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Healthcare Essentials

March 31, 2020

The FTC and DOJ Adjust Certain Antitrust Oversight Processes in Response to COVID-19

By Denise M. Gunter, Carrie A. Hanger, Colleen Pleasant Kline

As the country grapples with the Coronavirus Disease 2019 (“COVID-19”) pandemic, the Bureau of Competition of the Federal Trade Commission (“FTC”) and the Antitrust Division of the U.S. Department of Justice (“DOJ”) (collectively, the “Agencies”) have announced efforts to encourage collaborations that address issues created by the pandemic and to allow the premerger notification program under the Hart-Scott-Rodino Act to continue in a time of social distancing, stay home orders, and strained resources.  The overarching message is that antitrust enforcement is alive and well, though some changes in processes and procedures have occurred in order to adapt to rapidly-evolving circumstances.

In their March 24, 2020 joint statement [1],  the DOJ’s Antitrust Division and the FTC’s Bureau of Competition set forth an expedited process for receiving formal guidance from the Agencies and parameters for permissible collaborations intended to address the COVID-19 pandemic. 

Both Agencies have long-standing, voluntary processes for individuals and businesses formally to request the Agencies’ evaluation and guidance whether proposed conduct is permissible under the antitrust laws.  These processes – the Business Review Process for the DOJ and the Advisory Opinion Process for the FTC – typically take several months from the time the Agencies receive all necessary information until they complete their analysis.

In their joint statement, the Agencies recognized that businesses and individuals seeking to address the COVID-19 pandemic cannot wait several months for the typical process and instead need much quicker turn-around.  The Agencies announced their intention to “respond expeditiously to all COVID-19 related requests” and “to resolve those [requests] addressing public health and safety within seven (7) calendar days of receiving all necessary information.” (Emphasis added).  The Agencies will also seek to respond to requests related to COVID-19 that do not address public health and safety quickly although no firm turn-around time was given.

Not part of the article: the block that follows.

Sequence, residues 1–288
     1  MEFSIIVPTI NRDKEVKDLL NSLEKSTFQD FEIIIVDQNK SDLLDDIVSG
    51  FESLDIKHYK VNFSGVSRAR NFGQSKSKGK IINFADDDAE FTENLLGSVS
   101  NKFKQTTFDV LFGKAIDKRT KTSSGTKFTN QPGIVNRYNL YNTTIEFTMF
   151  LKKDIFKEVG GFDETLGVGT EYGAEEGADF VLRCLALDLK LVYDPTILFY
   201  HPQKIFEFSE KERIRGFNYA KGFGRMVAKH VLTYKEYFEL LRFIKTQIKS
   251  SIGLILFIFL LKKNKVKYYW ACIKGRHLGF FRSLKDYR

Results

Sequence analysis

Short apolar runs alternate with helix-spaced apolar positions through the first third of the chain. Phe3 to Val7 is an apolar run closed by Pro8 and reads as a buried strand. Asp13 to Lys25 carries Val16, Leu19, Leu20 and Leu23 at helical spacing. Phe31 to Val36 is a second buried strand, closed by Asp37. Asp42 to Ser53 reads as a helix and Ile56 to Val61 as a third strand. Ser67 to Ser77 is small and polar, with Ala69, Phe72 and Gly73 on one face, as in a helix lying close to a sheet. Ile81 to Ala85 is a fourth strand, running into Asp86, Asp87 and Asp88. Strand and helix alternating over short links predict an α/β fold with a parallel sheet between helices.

The Agencies provided the following process for requesting expedited Business Review Letters and Advisory Opinions:

  1. Requests for Business Review Letters should be directed to the DOJ via email: ATR.COVID19@USDOJ.GOV.  Requests for Advisory Opinions should be directed to the FTC via e-mail:
  2. the request must explain how it is related to COVID-19 and describe the nature and rationale of the proposal (including the names of the participants, the product(s) or service(s) the proposal will cover, the temporal and geographic scope of the arrangement), any proposed contractual or other arrangements (including copies of any documents memorializing the contract or arrangement), the names of the major expected customers, and any available information regarding the “competitive significance of other providers of the product(s) or service(s) to be offered”, and a contact person for additional information; and 
  3. additional information submitted with the request or requested by staff may be provided by facsimile, e-mail, or in the staff’s discretion, by telephone.

The Agencies’ responses to requests for expedited Business Review Letters and Advisory Opinions related to COVID-19 will be in effect for one (1) year from the date of the response.  The parties may subsequently use the expedited procedures to request that the Agency reiterate that it does not intend to challenge the business conduct at issue if additional time is necessary.